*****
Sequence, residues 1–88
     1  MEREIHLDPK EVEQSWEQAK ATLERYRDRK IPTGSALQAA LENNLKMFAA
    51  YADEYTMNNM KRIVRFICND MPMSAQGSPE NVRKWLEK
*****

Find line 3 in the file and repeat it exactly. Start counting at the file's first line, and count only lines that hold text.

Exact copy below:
    51  YADEYTMNNM KRIVRFICND MPMSAQGSPE NVRKWLEK